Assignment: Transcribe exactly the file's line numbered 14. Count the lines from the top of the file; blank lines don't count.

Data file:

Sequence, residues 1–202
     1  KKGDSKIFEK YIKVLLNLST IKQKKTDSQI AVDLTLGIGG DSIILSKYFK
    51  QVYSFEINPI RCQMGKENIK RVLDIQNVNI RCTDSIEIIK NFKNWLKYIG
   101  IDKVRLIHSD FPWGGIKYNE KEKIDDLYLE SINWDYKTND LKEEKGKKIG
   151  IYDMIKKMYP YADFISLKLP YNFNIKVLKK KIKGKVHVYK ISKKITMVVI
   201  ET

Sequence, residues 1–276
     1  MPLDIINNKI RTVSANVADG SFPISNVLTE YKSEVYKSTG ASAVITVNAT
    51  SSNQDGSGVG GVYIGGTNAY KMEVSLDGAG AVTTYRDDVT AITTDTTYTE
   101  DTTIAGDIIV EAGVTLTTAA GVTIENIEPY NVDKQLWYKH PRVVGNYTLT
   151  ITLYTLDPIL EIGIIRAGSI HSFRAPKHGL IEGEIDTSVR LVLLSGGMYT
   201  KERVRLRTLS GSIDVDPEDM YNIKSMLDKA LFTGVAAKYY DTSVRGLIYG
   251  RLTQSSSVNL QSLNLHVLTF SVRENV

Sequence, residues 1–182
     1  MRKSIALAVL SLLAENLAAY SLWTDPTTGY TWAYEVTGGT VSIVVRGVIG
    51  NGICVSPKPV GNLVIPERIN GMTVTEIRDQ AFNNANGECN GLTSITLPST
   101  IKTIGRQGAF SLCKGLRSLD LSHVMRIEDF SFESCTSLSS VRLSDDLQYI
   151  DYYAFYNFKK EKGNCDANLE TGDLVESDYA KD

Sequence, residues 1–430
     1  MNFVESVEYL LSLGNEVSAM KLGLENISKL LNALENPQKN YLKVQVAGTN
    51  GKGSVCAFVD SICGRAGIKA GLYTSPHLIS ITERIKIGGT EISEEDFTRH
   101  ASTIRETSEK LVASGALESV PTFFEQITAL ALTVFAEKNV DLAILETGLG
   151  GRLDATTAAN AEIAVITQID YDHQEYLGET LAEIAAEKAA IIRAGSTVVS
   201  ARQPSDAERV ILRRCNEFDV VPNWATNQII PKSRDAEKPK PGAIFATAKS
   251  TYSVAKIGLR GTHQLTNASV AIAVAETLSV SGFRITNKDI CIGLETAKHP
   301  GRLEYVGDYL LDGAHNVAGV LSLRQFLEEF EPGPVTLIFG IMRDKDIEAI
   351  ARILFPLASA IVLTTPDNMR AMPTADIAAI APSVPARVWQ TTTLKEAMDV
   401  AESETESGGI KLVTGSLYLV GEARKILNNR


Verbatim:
Sequence, residues 1–182